Boy, did we agonize over this one. You don't need to hire Frank McCourt's legal team to make a case for Ryan Braun, Tulowitzki, Alex Rodriguez or Jose "The Bambino" Bautista. But here's what nudged us into Votto's corner: You think it's every April the defending MVP roars out of the gates and hits .374, with a .509 on-base percentage, a .655 slugging percentage, 23 runs scored, five homers and 16 RBIs? Nooooo, sir. The last time any MVP matched or beat that pre-May stat line was 1993, when the pre-BALCO Barry Bonds did it (.431/.553/.859/23 R/ 7 HR/25 RBI).
"He brings more fear to the plate than anybody in the National League every day -- even more than [Albert] Pujols right now," one scout said of Votto. "He's a don't-pitch-to-him guy. He's like Bonds was once upon a time."
This was pretty much a dead heat between Johnson (3-0, 1.06 ERA) and the en fuego Jered Weaver (6-0, 0.99 ERA). But here in this enlightened age we live in, we're supposed to look past the old wins column, right? Well, if we do, we find some scary, scary stuff on Johnson's stat sheet.
His own teammate, Anibal Sanchez, gave up as many hits in 4 2/3 innings a couple of weeks ago (13) as Johnson has given up all season -- in five starts. This guy allowed exactly one hit in one start, two hits in another, three hits twice and four hits in the fifth start. And only one other pitcher since 1919 -- a fellow named Nolan Ryan -- ever started a season by allowing four hits or fewer in five consecutive starts of six innings or more, according to baseball-reference.com.
Meanwhile, Johnson has become the first pitcher in the past 60 years to get five starts into a season without giving up a hit before the fourth inning in any of them. Opposing 3-hole and 4-hole hitters are a combined 2-for-17 against him with no homers and one double. And right-handed hitters are 3-for-43 (.070) with one walk and 15 strikeouts. So with all due respect to Weaver, says an exec of one team who has seen Johnson firsthand, "this is an open-and-shut conversation."
Maybe a month ago, there were still questions about the back end of the Braves' bullpen. But you can rest that case -- because it's now clear that manager Fredi Gonzalez gets to wave for the most unhittable closer in baseball. So how unhittable is Kimbrel? He has faced 35 hitters this year -- and exactly four have gotten a hit, 10 fewer than he's struck out.
But that's nothing new. This guy has piled up more than four times as many punchouts in his brief career (54) as he's allowed hits (13). And the only other closer in history who has even had a two-whiffs-per-hit career ratio is Carlos Marmol (515 K's, 242 H's). So this is ridiculous. "He's the closest thing to a right-handed Billy Wagner that we'll ever see," one scout said.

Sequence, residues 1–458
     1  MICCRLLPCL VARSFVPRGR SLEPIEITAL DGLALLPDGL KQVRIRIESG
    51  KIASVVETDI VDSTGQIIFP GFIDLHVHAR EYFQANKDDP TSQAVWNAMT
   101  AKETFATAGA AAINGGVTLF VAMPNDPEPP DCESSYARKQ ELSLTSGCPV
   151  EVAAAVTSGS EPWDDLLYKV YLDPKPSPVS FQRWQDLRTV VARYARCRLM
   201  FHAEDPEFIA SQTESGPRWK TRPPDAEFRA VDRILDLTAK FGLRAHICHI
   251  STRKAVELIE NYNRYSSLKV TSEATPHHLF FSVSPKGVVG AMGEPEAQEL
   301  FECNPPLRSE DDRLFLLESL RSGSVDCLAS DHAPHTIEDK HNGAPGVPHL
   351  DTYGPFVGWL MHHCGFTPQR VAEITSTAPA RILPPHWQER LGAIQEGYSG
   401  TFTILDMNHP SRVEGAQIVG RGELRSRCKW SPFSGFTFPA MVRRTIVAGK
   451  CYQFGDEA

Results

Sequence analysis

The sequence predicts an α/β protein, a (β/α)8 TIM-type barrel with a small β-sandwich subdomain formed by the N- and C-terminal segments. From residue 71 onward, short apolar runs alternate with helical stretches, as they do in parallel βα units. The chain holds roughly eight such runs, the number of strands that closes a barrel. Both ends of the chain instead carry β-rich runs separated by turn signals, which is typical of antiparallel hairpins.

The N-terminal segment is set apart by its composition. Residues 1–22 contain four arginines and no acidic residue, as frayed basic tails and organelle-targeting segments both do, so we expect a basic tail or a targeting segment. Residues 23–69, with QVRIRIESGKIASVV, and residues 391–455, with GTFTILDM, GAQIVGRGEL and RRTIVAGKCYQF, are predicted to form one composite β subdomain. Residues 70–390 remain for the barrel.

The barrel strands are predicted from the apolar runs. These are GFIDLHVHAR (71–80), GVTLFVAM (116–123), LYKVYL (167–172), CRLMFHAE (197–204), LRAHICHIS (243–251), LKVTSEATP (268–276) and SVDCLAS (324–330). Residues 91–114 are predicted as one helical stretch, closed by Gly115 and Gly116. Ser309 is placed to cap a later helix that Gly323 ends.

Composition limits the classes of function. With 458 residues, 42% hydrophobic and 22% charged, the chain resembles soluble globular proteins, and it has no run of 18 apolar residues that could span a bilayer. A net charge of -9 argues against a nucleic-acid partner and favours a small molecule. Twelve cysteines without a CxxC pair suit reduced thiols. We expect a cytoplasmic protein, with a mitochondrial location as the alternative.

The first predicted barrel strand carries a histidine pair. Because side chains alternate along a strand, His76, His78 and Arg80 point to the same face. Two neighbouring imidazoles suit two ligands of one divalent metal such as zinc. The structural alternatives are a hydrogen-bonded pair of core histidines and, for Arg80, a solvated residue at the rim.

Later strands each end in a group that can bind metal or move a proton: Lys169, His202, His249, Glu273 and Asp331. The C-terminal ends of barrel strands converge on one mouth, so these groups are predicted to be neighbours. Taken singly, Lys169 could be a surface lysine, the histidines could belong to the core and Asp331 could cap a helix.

After all that gushing we just did about Kimbrel, you know Michael Pineda must be a special dude to wrest our prestigious rookie-of-the-month award away from Kimbrel, Orioles phenom Zach Britton and the Nationals' eye-popping catcher, Wilson Ramos, among others. But as hard as it may be for just about any Mariner to turn himself into an official trending topic, Pineda has pulled it off.
According to FanGraphs, his fastball averages 95.9 miles per hour -- the highest of any starter in the big leagues this year. His first-pitch strike percentage (70.6 percent) ranks No. 1 among all AL starters. And his nine-strikeout, four-hit shutdown of the Tigers on Thursday made him just the second rookie starter in the live-ball era (joining Jered Weaver in 2006) to give up five hits or fewer while working six innings or more, in the first five starts of his career. "I'm a fan of power," one scout said. "And this guy is pure power."
Ike Davis, Brennan Boesch, Jonathan Herrera, Jose Tabata, Maicer Izturis.
Mike Adams, Eduardo Sanchez, Kyle McClellan, Mike Dunn, Antonio Bastardo.
Adam Dunn, Carlos Pena, Carl Crawford, Rafael Soriano, Brad Hawpe.
• First prize: Fausto Carmona, Opening Day vs. White Sox: 3 IP, 11 H, 10 R, 10 ER, 1 BB, 5 K, 2 HR, 88 pitches to get nine outs.
What's up with that: So how many other starting pitchers in history have given up 10 earned runs on Opening Day without getting at least 10 outs? That would be none, according to the Elias Sports Bureau.
• Second prize: Nelson Figueroa, April 6 vs. Reds: 5 1/3 IP, 11 H, 10 R, 6 ER, 1 BB, 2 K and one of his team's five errors.
What's up with that: After 17 professional seasons and stops with seven different big league teams, Figueroa finally made one of those teams' Opening Day roster for the first time -- and promptly gave up 10 runs in his first start of the year.